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Quaqua mammillaris (L.) Bruyns

Protologue
Bradleya 1: 63 (1983).
Family
Asclepiadaceae (APG: Apocynaceae)
Chromosome number
2n = 22
Synonyms
Caralluma mammillaris (L.) N.E.Br. (1902).
Origin and geographic distribution
Quaqua mammillaris occurs in southern Namibia and western South Africa.
Uses
Fresh stems are eaten to treat peptic ulcers, to treat hangovers and to reverse drunkenness. A small piece of stem is sufficient to suppress hunger and thirst for a day. Larger quantities can be eaten as a fresh vegetable, but it should not be eaten by pregnant women.
Botany
Succulent, much-branched, patch-forming, glabrous shrub, 12–50 cm × 50(–70) cm; stems erect, up to 2.5 cm in diameter, green, sometimes mottled with purple-brown; tubercles conical, spreading, 5–20 mm long, fused near base into 4–5 irregularly arranged angles, each with hard, yellowish tooth. Leaves rudimentary, forming the tubercle tooth; stipular denticles absent. Inflorescence a dense fascicle in the upper 2/3 of the stem, 3–15-flowered; flowers opening simultaneously. Flowers bisexual, regular, 5-merous; pedicel 2–3 mm long, spreading, holding the flower horizontally; sepals ovate, 3–4 mm long, acuminate; corolla campanulate, 20–27 mm in diameter, outside pale green towards base, rest purple-brown, inside purple-black to red, at mouth of tube becoming striped with cream, with conical papillae, each tipped with a thick bristle, tube cup-shaped, 3–5 mm × c. 5 mm, lobes narrowly lanceolate, 10–20 mm × 4.5–7 mm, erect to spreading, margins strongly folded back; corona c. 3 mm × 4–4.5 mm, dark purplish brown, on short stipe, outer lobes erect, 2-fid to halfway, fused with bases of inner lobes into pouch, inner lobes linear, apically meeting in small column over style head. Fruit a pair of follicles.
Quaqua comprises 19–28 species, depending whether taxa are recognized at species or subspecies level. All species occur in the west of South Africa and Namibia, and are a characteristic element of the flora of Namaqualand. Quaqua incarnata (L.f.) Bruyns is also medicinally used in the region. Stems in brandy are taken to treat stomach problems and convulsions.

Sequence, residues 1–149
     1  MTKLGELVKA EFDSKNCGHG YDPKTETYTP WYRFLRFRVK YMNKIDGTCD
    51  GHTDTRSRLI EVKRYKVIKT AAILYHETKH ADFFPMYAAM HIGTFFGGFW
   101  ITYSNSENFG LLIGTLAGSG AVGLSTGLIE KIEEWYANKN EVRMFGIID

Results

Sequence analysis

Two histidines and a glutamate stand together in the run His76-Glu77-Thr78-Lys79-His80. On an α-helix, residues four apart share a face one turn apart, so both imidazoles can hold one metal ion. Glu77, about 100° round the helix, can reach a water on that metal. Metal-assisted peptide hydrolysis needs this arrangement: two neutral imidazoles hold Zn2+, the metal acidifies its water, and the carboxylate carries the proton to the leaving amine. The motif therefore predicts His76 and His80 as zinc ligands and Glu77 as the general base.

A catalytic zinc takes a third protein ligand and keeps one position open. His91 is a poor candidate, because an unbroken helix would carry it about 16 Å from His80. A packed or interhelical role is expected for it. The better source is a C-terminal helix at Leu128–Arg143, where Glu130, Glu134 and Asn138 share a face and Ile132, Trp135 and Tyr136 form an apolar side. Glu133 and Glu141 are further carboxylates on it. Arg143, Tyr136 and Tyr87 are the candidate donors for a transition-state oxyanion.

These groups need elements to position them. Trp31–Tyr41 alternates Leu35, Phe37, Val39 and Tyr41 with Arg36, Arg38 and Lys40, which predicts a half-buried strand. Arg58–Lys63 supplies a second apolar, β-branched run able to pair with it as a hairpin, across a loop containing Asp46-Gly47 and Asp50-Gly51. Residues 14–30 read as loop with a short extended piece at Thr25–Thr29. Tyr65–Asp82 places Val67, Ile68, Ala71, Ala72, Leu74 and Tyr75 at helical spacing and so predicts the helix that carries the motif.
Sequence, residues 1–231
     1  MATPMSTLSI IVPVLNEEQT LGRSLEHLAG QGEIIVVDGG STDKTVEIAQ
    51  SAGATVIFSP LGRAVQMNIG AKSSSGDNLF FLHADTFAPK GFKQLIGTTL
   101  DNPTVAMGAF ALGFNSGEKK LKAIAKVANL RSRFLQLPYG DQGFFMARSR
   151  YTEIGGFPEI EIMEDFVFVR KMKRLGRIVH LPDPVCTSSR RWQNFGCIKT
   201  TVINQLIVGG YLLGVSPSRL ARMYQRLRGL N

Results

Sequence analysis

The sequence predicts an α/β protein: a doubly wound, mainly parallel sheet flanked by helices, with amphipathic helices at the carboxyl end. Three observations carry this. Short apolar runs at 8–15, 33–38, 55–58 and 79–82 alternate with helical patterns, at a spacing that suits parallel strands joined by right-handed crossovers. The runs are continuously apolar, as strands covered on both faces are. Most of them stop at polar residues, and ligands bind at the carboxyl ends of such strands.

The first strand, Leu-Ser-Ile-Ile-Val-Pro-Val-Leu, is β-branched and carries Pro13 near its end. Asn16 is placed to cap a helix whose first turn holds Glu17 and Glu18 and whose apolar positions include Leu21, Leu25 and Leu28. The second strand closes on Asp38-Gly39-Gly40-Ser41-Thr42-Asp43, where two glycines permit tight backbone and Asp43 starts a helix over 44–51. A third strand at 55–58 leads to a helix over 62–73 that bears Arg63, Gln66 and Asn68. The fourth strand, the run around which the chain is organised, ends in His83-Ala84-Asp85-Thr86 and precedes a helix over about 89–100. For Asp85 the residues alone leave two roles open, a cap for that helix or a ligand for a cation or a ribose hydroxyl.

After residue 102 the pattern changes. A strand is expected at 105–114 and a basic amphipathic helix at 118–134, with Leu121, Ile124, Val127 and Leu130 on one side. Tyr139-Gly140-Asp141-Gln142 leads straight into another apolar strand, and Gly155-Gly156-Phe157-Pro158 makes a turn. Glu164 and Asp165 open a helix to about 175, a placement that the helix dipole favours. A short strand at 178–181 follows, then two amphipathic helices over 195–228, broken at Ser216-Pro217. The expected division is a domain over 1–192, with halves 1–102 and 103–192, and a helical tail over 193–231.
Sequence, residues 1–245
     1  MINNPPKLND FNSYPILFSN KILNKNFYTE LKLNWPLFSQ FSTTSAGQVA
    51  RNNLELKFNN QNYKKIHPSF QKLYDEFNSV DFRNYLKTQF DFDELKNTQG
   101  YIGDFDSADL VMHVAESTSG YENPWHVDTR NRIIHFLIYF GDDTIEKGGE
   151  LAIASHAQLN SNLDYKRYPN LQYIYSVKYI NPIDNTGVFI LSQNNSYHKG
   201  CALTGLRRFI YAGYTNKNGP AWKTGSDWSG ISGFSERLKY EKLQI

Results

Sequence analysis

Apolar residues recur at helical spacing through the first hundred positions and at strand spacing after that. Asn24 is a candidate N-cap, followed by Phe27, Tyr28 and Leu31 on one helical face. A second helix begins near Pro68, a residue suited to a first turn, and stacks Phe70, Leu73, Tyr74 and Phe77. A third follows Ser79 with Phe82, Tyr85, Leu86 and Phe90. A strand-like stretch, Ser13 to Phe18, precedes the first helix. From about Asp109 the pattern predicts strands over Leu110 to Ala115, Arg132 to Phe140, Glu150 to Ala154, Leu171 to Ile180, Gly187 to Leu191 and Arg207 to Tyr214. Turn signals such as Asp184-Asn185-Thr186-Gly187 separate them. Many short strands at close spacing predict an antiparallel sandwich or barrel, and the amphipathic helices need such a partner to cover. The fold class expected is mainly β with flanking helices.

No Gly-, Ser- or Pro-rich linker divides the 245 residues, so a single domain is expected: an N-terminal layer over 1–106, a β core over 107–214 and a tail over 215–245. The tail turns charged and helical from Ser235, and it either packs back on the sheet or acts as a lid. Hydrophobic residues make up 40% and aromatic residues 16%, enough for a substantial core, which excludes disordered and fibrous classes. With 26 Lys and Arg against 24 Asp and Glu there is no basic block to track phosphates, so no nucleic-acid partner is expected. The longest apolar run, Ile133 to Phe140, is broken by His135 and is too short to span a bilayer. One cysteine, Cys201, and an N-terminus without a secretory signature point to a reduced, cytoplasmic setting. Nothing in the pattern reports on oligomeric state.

Ecology
Quaqua mammillaris occurs in most Karoo-Veld types, at 150–1100 m altitude.
Genetic resources and breeding
There are no signs that Quaqua mammillaris is threatened by genetic erosion.
Prospects
The stems of Quaqua mammillaris are similarly used as Hoodia spp., as a suppressant of appetite and thirst. Most Hoodia species are protected by CITES regulations nowadays because of overharvesting. More research is needed in Quaqua to identify the active compounds, and to evaluate its potential as an alternative for Hoodia. As a medicinal plant, it will probably remain of limited use.
Major references
• Albers, F. & Meve, U. (Editors), 2002. Illustrated handbook of succulent plants. Asclepiadaceae. Springer, Berlin, Heidelberg, Germany. 318 pp.
• Bruyns, P.V., 1999. The systematic position of Quaqua (Apocynaceae - Asclepiadoideae) with a critical revision of the species. Botanische Jahrbücher für Systematik, Pflanzengeschichte und Pflanzengeographie 121(3): 311–402.
• Metelerkamp, W. & Sealy, J., 1983. Some edible and medicinal plants of the Doorn Karoo. Veld & flora 69(1): 4–8.
• van Wyk, B.E. & Gericke, N., 2000. People’s plants: a guide to useful plants of southern Africa. Briza Publications, Pretoria, South Africa. 351 pp.
Other references
• Jansen, P.C.M., 2004. Hoodia currorii (Hook.) Decne. In: Grubben, G.J.H. & Denton, O.A. (Editors), 2004. Plant Resources of Tropical Africa 2. Vegetables. PROTA Foundation, Wageningen, Netherlands / Backhuys Publishers, Leiden, Netherlands / CTA, Wageningen, Netherlands. pp. 329–330.
• SEPASAL, 2009. Quaqua mamillaris. [Internet] Survey of Economic Plants for Arid and Semi-Arid Lands (SEPASAL) database. Royal Botanic Gardens, Kew, Richmond, United Kingdom. http://www.kew.org/ ceb/sepasal/. Accessed July 2009.
• van Heerden, F.R., 2008. Hoodia gordonii: a natural appetite suppressant. Journal of Ethnopharmacology 119: 434–437.
Author(s)
G.H. Schmelzer
PROTA Network Office Europe, Wageningen University, P.O. Box 341, 6700 AH Wageningen, Netherlands


Editors
G.H. Schmelzer
PROTA Network Office Europe, Wageningen University, P.O. Box 341, 6700 AH Wageningen, Netherlands
A. Gurib-Fakim
Faculty of Science, University of Mauritius, Réduit, Mauritius
Associate editors
R. Arroo
Leicester School of Pharmacy, Natural Products Research, De Montfort University, The Gateway, Leicester LE1 9BH, United Kingdom
Photo editor
G.H. Schmelzer
PROTA Network Office Europe, Wageningen University, P.O. Box 341, 6700 AH Wageningen, Netherlands

Correct citation of this article:
Schmelzer, G.H., 2010. Quaqua mammillaris (L.) Bruyns. In: Schmelzer, G.H. & Gurib-Fakim, A. (Editors). Prota 11(2): Medicinal plants/Plantes médicinales 2. [CD-Rom]. PROTA, Wageningen, Netherlands.

obtained from Stapeliads




obtained from Asclepidarium




obtained from Asclepidarium




obtained from Asclepidarium